As many of us know all too well, self-control is a limited resource that can, and does, get depleted. Fortunately, several recent studies have revealed ways we can replenish our ability to resist temptation, ranging from watching reruns to gargling with glucose.
Now there’s evidence of still another method of getting ourselves back on track, and it’s a strategy as old as they come: Prayer.
A pair of German psychologists—Malte Friese of Saarland University and Michaela Wänke of the University of Mannheim—report people can exercise self-control without depleting their reservoir of that vital resource if they engage in “a brief period of personal prayer.” Their study is published in the Journal of Experimental Social Psychology.
"Even brief social interactions can activate cognitive resources ... providing a cognitive boost that can benefit subsequent self-control attempts."
Their study featured 79 people (mostly women, and largely made up of psychology students). Forty-one (just over half of the total) described themselves as Christians; another 24 were atheists or agnostics, while 14 listed other religious affiliations.
Half began their session by engaging in five minutes of personal prayer; the others were instructed to spend those first five minutes thinking about anything of their choice. They then watched five minutes of humorous film clips. Half the members of each group (the prayers and the thinkers) were “asked to suppress all emotions that arise (as they watched the clips) and control their facial appearance"—an activity that takes effort and uses up one's self-control.
Afterward, everyone participated in a Stroop task, that famous test where blocks of letters are in color spell out the name of a different color. Participants were asked to rapidly indicate the color of the ink—a task that required strong self-control, since one’s first instinct is to go with the color being spelled out.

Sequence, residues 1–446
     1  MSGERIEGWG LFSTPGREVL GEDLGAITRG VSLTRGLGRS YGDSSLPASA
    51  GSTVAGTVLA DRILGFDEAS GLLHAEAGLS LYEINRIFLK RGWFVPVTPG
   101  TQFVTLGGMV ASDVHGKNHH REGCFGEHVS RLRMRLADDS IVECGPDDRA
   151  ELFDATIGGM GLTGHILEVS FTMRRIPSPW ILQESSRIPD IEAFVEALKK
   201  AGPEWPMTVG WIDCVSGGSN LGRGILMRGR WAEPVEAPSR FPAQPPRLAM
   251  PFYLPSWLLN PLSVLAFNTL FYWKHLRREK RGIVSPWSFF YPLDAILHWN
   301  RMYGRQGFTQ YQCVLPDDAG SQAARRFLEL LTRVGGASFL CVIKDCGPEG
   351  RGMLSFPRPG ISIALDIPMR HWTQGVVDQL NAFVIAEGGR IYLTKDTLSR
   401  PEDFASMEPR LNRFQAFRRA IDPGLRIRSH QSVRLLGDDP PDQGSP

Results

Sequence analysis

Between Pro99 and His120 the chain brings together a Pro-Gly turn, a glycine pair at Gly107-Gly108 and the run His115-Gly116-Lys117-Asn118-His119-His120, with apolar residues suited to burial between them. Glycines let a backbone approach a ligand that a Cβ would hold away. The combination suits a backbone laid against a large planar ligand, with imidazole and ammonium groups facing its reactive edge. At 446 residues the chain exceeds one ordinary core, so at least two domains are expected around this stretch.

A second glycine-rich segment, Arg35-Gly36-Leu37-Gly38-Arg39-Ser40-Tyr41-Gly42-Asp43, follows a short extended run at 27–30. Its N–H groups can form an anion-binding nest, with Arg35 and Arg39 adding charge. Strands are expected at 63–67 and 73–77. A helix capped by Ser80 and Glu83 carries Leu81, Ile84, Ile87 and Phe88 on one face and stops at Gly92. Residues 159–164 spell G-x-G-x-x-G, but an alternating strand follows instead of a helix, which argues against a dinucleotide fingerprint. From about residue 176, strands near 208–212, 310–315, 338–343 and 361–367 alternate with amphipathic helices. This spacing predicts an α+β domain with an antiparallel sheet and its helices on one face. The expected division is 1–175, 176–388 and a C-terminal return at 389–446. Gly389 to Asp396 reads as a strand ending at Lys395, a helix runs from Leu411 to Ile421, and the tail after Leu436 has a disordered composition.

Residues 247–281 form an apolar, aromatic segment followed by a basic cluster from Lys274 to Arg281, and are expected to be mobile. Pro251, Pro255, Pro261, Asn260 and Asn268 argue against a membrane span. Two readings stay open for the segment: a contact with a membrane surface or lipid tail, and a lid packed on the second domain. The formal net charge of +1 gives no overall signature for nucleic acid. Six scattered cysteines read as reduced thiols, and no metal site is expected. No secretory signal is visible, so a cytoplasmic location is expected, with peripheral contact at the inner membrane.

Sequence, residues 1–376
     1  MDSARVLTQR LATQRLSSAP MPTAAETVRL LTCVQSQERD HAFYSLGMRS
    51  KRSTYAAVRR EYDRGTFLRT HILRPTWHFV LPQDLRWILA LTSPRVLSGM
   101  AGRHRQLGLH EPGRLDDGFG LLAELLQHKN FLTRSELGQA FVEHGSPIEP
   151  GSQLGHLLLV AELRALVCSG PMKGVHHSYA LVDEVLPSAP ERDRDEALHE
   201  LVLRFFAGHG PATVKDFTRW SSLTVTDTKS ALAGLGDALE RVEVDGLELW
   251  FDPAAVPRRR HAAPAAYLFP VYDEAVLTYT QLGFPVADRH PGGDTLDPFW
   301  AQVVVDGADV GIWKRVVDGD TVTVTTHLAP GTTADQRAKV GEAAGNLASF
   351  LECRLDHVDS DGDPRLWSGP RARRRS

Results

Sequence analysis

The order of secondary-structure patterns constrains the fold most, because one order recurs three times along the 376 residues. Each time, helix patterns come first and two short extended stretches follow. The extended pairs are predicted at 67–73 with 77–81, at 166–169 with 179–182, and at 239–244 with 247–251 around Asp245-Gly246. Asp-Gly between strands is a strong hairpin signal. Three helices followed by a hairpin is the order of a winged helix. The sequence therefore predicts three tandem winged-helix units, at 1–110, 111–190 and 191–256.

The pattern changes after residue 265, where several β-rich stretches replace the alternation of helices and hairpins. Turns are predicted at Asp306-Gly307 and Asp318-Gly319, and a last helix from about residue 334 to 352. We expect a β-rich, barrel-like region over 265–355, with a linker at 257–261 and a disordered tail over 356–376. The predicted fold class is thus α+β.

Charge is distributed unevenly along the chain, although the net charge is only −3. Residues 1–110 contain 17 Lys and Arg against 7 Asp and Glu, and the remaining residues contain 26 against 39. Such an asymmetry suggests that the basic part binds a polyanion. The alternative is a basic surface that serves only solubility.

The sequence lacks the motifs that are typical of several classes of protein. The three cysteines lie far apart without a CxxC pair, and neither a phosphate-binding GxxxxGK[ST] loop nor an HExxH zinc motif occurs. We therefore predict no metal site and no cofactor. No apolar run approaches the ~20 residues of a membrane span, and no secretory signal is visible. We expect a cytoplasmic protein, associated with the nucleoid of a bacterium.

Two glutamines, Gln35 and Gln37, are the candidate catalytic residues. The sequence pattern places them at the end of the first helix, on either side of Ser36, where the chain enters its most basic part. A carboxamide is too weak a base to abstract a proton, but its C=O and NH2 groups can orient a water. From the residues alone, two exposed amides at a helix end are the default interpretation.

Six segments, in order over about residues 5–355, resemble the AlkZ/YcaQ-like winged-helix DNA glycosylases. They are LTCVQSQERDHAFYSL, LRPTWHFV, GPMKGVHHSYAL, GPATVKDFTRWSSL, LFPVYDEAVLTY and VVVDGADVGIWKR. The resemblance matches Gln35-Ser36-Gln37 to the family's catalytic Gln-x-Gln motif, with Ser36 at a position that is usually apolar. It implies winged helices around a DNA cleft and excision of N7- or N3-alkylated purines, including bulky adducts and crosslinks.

The results: Among the thinkers, those that suppressed their emotions during the film clips did less well on the test than those who had allowed themselves to laugh. As expected, their self-control had been depleted.
But this dynamic was not found among those who used that interlude to speak with God. Participants who suppressed their laughter and then prayed “exercised self-control ... but did not become depleted,” the researchers write.
How did the prayer keep their self-control robust? Friese and Wänke offer several possible explanations, but their analysis suggests it likely has to do with the fact that “people interpret praying as a social interaction with God.”
They note that previous research has found that “even brief social interactions can activate cognitive resources ... providing a cognitive boost that can benefit subsequent self-control attempts.”
If their interpretation is correct, prayer isn’t uniquely powerful in this regard. An intense, meaningful concentration with a close friend would presumably have the same effect.
But that hardly negates these findings. If you’re noticing self-control slipping away, and you feel a meaningful connection with a higher power, a few whispered words might make all the difference.